BANGOR – She was the new student at Sanford High, the junior transfer from Lewiston who was eager to fit in, ready to make new friends and take on a new identity. That’s why she raised her hand when word went around in the fall of 1986 that the school needed someone new to be the mascot.

“I thought it was great that I could be the living embodiment of Sanford pride,” said Michelle Bernard. “I’m part Lakota Sioux and part Ho-Chunk from Wisconsin.”

Sanford’s mascot was and remains an Indian. It’s nickname then and now is Redskins, and Bernard, in her desire to be accepted, bought into the image. Her father, a former Boy Scout leader, had once made an Indian headdress and leather leggings. Perfect.

Bernard looked at her audience Saturday at the Bangor Public Library. She was one of about 10 guests at a symposium. The subject was “Respectful or Disgraceful: Examining Maine School Use of Indian Nicknames and Mascots,” and she was bringing the issue to life.

“It took many years to discover I felt guilty. I had betrayed myself. I had become a cartoon character to my culture and my heritage.”

Bernard didn’t come to the symposium to preach. She’s an adjunct instructor of philosophy and speech at Husson University and its New England School of Communications. She has a long marriage to an Anglo husband in the Air Force. They have two children. They live in Milford, near Bangor. Her parents still live in Sanford.

She has been called a nuisance when she returns to Sanford and broaches the subject of the school’s nickname to administrators and people in the community. Redskins means bloody scalps. She hopes someday former neighbors and friends will drop the nickname. She’s not holding her breath.

In 1755 there was a price for Penboscot scalps, said James Francis, a Penobscot Nation historian. Men, women and children. White traders brought in pelts of fur and scalps.

“If you understand the history of the Penobscot people, there’s nothing to cheer,” said Francis, who once talked to Sanford students. “I told them, ‘I’m not here to change your mascot. I’m here to educate you. If you want to celebrate your mascot, that’s your problem.”

Amid the issues of climate change, wind farms, disasters, the loss of jobs, terrorism and heaven knows what else, the use of offensive nicknames and mascots can seem trivial.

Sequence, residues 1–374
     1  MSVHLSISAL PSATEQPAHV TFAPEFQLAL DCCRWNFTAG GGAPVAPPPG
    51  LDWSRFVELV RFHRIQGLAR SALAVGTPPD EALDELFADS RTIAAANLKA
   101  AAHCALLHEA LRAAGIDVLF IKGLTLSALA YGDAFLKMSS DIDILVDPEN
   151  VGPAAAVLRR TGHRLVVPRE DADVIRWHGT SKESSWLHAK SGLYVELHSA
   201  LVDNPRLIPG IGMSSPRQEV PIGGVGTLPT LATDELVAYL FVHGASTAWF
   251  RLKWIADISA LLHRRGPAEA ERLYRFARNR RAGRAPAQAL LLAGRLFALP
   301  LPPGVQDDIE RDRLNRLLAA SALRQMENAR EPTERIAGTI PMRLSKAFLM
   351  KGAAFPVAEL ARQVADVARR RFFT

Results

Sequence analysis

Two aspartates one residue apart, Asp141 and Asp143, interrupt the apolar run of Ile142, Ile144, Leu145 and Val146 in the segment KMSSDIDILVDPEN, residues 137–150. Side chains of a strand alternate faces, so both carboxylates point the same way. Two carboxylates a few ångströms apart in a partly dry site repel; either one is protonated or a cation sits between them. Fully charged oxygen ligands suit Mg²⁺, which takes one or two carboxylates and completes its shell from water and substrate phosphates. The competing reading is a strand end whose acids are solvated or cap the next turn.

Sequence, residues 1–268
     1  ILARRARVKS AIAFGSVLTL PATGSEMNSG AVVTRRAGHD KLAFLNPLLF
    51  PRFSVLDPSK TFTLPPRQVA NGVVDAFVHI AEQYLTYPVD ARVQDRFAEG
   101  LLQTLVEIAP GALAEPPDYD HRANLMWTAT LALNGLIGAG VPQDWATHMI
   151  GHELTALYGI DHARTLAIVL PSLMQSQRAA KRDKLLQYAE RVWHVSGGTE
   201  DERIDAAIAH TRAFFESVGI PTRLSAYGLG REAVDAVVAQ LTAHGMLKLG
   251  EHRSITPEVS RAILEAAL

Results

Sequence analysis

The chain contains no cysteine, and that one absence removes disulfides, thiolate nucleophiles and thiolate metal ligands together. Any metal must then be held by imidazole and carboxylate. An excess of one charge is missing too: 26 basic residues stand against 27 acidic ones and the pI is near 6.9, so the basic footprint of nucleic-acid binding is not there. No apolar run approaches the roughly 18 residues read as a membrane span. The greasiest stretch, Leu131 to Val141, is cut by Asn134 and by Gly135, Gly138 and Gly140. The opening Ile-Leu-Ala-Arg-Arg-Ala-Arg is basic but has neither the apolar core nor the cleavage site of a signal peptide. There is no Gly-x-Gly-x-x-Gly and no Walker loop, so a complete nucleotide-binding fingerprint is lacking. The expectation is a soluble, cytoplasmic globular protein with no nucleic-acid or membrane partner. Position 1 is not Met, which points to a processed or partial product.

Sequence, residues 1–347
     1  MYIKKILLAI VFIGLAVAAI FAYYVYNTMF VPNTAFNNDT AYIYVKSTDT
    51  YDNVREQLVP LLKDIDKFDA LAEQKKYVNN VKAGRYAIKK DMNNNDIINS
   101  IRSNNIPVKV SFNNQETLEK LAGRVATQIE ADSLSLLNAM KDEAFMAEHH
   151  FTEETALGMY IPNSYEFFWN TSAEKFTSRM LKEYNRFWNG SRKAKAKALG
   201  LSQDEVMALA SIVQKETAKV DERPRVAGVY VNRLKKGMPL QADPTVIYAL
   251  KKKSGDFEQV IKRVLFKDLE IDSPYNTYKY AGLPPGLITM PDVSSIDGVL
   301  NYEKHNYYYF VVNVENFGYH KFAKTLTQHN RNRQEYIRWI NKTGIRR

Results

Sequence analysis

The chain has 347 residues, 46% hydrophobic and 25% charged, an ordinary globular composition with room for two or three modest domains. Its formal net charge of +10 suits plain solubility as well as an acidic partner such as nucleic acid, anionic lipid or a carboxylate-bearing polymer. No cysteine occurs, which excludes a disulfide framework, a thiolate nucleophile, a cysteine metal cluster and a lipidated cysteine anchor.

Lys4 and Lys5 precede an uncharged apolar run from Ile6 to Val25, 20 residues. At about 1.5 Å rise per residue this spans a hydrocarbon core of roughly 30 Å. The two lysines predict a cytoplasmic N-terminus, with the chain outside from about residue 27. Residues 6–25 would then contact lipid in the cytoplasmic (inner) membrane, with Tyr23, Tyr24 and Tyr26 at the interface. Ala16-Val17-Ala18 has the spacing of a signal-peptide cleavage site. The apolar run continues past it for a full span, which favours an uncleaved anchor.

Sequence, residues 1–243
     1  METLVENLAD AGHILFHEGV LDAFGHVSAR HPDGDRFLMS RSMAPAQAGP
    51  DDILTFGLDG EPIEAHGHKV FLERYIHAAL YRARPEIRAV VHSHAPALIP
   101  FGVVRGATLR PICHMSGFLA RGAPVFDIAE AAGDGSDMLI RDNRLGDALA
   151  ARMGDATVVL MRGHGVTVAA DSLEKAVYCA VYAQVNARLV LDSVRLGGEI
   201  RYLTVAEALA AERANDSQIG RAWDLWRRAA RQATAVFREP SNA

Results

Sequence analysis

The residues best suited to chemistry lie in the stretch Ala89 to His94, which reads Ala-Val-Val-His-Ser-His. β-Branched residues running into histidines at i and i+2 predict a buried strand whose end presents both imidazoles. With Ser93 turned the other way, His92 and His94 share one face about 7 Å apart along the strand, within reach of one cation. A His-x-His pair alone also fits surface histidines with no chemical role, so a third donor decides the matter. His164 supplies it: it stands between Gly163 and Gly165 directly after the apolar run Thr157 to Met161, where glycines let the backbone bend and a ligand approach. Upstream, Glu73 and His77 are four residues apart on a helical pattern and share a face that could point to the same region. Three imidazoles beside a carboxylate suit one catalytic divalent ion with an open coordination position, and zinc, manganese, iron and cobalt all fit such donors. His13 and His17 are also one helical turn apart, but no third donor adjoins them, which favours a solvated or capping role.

No, said Ed Rice, a teacher, and author of “Baseball’s First Indian, Louis Sockalexis” and a symposium organizer. “There are so many problems we think we can’t fix. We can fix this one. It’s worth fixing.”

Rice’s greatest cause is getting the Cleveland Indians to drop their mascot, Chief Wahoo. The team has ignored a 10-year-old resolution passed by the Penobscots asking that Chief Wahoo get booted. According to Rice, the team has never communicated with the tribe, even though Sockalexis played for the Indians, and is honored by the team with a portrait plaque over its main entrance and is a Penobscot.

Instead, Rice can point to the dwindling number of nine Maine high schools and middle schools who have resisted change, with Sanford and Wiscasset at the top of the list. Sanford High wasn’t represented Saturday, but did send a letter to Rice, explaining that people in that community were talking. Wiscasset, also nicknamed the Redskins, declined comment.

Scarborough replaced Redskins with Red Storm less than 10 years ago. Old Town, adjacent to the Penobscot reservation, dropped Indians and switched to Coyotes.

In Old Town, the public hearings were contentious, said Jim Dill, a school board member at the time. In a world full of change, some cling to traditions even if it abuses the traditions and culture of others.

The Old Town school board voted unanimously.

At Nokomis High in Newport several years ago, school officials asked Penobscot leaders if their Warriors mascot was offensive. People can talk to each other.

“It’s beyond political correctness,” said Wayne Newell, a leader among the Passamaquoddys. “It’s the right thing to do.”


Staff Writer Steve Solloway can be contacted at 791-6412 or at:

[email protected]


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